The following resources are provided for incoming students who experience disabilities.
New Student Checklist
In addition to registering for courses, incoming students who experience disabilities may need to:
- Arrange for a meeting with Disability Support Services by calling 907-786-4530 or emailing firstname.lastname@example.org
- Complete and return admission application and all other required forms to Enrollment Services
- Complete and return financial aid forms to Student Financial Aid
- Take Placement Tests and get advice on which classes to sign up for (DSS can proctor a placement test if accommodations are necessary)
- Attend orientation or schedule a campus visit to discuss the available programs, services, and opportunities (it's FREE!)
- If planning to live on campus, submit necessary application materials to On-campus Housing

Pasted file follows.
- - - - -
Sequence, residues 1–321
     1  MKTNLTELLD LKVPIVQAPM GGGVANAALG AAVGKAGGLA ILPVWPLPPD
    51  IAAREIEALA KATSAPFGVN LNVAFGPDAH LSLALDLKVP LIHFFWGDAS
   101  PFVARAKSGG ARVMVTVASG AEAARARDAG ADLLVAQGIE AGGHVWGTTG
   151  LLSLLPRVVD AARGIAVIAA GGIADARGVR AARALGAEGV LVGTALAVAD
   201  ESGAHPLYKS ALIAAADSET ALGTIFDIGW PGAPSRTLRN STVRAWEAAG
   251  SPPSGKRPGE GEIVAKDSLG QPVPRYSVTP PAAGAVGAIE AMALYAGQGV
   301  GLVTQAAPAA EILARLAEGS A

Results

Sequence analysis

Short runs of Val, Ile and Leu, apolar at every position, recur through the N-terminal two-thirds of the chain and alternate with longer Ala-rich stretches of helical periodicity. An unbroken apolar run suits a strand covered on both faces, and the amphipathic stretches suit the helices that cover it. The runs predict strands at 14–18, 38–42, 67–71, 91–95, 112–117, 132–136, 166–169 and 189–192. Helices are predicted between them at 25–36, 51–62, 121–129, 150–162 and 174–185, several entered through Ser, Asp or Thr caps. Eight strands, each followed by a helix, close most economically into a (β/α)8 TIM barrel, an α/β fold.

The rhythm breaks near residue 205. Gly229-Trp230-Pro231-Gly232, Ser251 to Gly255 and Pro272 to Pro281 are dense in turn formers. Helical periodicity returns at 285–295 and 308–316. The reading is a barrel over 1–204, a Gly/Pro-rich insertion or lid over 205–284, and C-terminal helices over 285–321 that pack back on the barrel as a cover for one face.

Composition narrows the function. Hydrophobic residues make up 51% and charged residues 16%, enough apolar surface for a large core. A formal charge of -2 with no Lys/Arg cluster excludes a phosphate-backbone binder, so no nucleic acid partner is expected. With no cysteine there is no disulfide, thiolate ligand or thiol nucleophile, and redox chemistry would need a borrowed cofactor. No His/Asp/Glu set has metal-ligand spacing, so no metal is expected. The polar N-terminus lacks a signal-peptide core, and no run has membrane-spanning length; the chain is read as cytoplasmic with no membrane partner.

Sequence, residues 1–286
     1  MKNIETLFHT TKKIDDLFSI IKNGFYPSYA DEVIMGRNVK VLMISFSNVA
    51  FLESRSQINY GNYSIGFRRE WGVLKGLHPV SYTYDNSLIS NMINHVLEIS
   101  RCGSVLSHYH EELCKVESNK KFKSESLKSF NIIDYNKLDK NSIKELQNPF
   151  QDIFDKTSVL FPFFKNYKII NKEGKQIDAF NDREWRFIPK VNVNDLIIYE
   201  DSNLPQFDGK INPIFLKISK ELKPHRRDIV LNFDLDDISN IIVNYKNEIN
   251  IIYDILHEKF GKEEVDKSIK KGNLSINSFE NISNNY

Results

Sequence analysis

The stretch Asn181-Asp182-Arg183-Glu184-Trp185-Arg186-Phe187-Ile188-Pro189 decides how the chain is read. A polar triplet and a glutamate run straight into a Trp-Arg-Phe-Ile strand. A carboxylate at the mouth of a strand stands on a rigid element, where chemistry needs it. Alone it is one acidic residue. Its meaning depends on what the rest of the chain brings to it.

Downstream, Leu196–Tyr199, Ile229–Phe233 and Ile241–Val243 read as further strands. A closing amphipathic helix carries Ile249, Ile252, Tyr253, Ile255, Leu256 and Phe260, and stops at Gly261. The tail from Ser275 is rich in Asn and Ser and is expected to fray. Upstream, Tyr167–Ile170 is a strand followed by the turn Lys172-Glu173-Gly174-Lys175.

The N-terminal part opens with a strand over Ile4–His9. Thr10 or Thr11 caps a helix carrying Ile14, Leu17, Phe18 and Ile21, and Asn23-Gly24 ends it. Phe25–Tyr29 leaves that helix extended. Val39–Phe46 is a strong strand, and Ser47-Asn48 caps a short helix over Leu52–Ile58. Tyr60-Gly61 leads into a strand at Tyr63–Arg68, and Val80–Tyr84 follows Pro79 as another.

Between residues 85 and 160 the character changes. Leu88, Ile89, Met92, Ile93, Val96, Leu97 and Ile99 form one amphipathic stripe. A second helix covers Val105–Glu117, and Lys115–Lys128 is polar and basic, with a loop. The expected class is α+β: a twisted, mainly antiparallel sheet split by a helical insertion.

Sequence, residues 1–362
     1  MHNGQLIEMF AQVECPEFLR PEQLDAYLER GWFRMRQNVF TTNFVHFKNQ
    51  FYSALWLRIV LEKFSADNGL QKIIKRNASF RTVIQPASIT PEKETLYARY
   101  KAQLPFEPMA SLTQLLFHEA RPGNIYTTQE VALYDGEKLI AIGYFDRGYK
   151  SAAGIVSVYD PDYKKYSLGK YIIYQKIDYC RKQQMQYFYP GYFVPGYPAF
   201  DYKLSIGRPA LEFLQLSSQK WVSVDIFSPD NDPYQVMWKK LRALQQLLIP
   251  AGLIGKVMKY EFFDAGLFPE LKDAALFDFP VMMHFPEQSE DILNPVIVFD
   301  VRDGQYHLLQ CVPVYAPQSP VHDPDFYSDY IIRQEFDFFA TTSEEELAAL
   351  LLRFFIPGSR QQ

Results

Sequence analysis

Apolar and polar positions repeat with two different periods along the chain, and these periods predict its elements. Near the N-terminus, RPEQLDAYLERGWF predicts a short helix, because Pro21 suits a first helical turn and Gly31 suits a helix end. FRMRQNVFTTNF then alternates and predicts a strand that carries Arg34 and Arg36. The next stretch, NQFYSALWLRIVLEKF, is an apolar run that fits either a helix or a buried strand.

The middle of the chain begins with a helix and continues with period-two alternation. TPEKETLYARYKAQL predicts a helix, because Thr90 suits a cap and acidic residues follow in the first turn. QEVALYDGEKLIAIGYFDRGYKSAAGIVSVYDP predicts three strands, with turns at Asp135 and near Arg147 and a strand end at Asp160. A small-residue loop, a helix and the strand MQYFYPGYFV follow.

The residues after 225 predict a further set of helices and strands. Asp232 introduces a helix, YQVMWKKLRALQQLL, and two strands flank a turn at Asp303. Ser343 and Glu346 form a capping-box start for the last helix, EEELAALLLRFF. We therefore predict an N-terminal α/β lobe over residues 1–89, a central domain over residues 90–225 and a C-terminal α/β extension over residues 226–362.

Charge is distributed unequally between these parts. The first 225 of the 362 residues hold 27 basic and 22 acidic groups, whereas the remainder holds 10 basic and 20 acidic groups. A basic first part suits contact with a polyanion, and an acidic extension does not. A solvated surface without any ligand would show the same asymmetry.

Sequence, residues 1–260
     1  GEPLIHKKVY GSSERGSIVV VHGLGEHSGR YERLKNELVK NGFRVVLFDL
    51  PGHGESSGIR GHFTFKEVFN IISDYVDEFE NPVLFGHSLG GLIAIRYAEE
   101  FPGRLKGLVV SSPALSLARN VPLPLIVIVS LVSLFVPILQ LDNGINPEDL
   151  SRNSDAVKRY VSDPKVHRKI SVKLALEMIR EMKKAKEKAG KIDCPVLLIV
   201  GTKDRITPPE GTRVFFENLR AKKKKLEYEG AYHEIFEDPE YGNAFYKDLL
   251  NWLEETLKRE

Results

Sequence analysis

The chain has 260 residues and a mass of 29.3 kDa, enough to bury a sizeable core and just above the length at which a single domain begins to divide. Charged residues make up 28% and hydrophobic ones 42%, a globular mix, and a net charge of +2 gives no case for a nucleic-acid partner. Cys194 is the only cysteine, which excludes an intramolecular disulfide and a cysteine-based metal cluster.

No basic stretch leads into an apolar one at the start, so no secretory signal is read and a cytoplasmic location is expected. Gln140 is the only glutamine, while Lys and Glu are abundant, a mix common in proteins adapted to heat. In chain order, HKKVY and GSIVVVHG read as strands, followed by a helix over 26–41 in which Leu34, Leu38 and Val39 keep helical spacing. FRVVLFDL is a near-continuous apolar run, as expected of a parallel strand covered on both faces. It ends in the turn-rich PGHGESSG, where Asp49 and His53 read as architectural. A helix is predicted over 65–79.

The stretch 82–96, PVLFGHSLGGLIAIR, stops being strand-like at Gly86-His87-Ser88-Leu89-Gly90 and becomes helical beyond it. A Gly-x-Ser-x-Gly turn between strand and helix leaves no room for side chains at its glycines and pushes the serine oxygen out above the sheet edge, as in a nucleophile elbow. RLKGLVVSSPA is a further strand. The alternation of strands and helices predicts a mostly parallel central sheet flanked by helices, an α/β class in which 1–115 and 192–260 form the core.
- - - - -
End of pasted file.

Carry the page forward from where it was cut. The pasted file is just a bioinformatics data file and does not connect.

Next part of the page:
- Visit the Learning Commons located in Sally Monserud Hall
- Get a Wolfcard Student ID
- Riding the bus? Check the People Mover schedule (Remember: Wolfcard Student ID is also a free bus pass)
- Purchase a parking permit if needed
- Check the Shuttle Schedule for getting around campus
- Register and Pay for your classes and Buy your books
- Familiarize yourself with Blackboard by accessing student blackboard help or the materials offered by IT and Distance Ed
It is the student's responsibility to arrange for certain services which are outside the scope of Disability Support Services. These services include attendant care, mobility training and sources of financial aid.
The dimensions of good documentation discussed below are based on guidelines from the Association on Higher Education and Disability (AHEAD). This best practices approach for defining complete documentation establishes the individual as a person with a disability and provides a rationale for reasonable accommodations.
Typically, documentation should be provided on letterhead signed by a healthcare provider or counselor. While other forms of documentation may be considered, a one line letter or a verification of a diagnosis written on a prescription pad are not adequate documentation to support requests for accommodation.